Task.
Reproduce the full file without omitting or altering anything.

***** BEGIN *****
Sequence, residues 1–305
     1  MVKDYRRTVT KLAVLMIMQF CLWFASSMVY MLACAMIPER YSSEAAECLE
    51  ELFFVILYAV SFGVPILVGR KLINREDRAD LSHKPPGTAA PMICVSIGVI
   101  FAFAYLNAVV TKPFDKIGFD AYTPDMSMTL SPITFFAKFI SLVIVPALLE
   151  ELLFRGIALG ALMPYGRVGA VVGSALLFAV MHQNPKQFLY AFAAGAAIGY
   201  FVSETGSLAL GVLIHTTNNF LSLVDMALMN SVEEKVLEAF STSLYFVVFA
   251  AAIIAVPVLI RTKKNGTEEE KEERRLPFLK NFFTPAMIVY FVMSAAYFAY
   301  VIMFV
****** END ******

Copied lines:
Sequence, residues 1–305
     1  MVKDYRRTVT KLAVLMIMQF CLWFASSMVY MLACAMIPER YSSEAAECLE
    51  ELFFVILYAV SFGVPILVGR KLINREDRAD LSHKPPGTAA PMICVSIGVI
   101  FAFAYLNAVV TKPFDKIGFD AYTPDMSMTL SPITFFAKFI SLVIVPALLE
   151  ELLFRGIALG ALMPYGRVGA VVGSALLFAV MHQNPKQFLY AFAAGAAIGY
   201  FVSETGSLAL GVLIHTTNNF LSLVDMALMN SVEEKVLEAF STSLYFVVFA
   251  AAIIAVPVLI RTKKNGTEEE KEERRLPFLK NFFTPAMIVY FVMSAAYFAY
   301  VIMFV